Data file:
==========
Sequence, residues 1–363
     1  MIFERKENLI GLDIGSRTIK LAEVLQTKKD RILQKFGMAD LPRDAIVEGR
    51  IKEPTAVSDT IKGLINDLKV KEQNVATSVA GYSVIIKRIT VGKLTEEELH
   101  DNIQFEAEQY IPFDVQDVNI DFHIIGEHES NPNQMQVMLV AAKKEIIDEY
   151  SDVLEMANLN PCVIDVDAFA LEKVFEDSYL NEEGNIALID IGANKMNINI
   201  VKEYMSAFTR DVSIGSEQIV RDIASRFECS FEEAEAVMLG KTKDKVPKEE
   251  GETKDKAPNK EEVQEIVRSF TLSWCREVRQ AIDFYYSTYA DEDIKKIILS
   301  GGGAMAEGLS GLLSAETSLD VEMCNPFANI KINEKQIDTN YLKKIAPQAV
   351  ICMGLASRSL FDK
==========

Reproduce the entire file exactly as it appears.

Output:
Sequence, residues 1–363
     1  MIFERKENLI GLDIGSRTIK LAEVLQTKKD RILQKFGMAD LPRDAIVEGR
    51  IKEPTAVSDT IKGLINDLKV KEQNVATSVA GYSVIIKRIT VGKLTEEELH
   101  DNIQFEAEQY IPFDVQDVNI DFHIIGEHES NPNQMQVMLV AAKKEIIDEY
   151  SDVLEMANLN PCVIDVDAFA LEKVFEDSYL NEEGNIALID IGANKMNINI
   201  VKEYMSAFTR DVSIGSEQIV RDIASRFECS FEEAEAVMLG KTKDKVPKEE
   251  GETKDKAPNK EEVQEIVRSF TLSWCREVRQ AIDFYYSTYA DEDIKKIILS
   301  GGGAMAEGLS GLLSAETSLD VEMCNPFANI KINEKQIDTN YLKKIAPQAV
   351  ICMGLASRSL FDK